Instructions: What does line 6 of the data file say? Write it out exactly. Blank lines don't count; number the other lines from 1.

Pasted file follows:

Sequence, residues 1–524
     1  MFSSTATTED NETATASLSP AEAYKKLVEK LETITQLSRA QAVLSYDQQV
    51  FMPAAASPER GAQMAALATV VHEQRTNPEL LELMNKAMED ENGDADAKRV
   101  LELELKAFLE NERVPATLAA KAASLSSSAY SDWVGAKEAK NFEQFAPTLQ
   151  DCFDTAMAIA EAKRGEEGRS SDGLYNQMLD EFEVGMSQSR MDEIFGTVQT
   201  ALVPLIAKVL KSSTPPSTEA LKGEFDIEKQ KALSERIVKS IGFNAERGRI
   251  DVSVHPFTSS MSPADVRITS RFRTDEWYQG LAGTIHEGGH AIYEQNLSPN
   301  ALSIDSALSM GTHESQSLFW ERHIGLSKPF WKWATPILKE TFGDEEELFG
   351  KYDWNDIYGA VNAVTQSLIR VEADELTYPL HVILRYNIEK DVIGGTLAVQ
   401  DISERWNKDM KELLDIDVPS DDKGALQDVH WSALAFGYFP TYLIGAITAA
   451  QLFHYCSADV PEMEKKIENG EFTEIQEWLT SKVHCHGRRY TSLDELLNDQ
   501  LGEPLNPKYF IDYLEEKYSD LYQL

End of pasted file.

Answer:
   201  ALVPLIAKVL KSSTPPSTEA LKGEFDIEKQ KALSERIVKS IGFNAERGRI